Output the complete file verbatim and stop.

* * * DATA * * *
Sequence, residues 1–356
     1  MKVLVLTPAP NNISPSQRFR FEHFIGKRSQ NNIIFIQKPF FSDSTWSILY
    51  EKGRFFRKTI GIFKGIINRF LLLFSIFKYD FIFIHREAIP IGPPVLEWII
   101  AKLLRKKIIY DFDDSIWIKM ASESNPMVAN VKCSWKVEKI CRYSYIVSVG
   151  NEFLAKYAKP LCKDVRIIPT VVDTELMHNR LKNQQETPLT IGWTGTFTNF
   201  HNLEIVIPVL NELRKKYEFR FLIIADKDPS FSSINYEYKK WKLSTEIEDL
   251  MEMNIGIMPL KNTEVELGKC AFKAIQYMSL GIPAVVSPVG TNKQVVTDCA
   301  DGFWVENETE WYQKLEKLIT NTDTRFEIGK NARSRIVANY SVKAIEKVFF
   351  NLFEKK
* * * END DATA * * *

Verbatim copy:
Sequence, residues 1–356
     1  MKVLVLTPAP NNISPSQRFR FEHFIGKRSQ NNIIFIQKPF FSDSTWSILY
    51  EKGRFFRKTI GIFKGIINRF LLLFSIFKYD FIFIHREAIP IGPPVLEWII
   101  AKLLRKKIIY DFDDSIWIKM ASESNPMVAN VKCSWKVEKI CRYSYIVSVG
   151  NEFLAKYAKP LCKDVRIIPT VVDTELMHNR LKNQQETPLT IGWTGTFTNF
   201  HNLEIVIPVL NELRKKYEFR FLIIADKDPS FSSINYEYKK WKLSTEIEDL
   251  MEMNIGIMPL KNTEVELGKC AFKAIQYMSL GIPAVVSPVG TNKQVVTDCA
   301  DGFWVENETE WYQKLEKLIT NTDTRFEIGK NARSRIVANY SVKAIEKVFF
   351  NLFEKK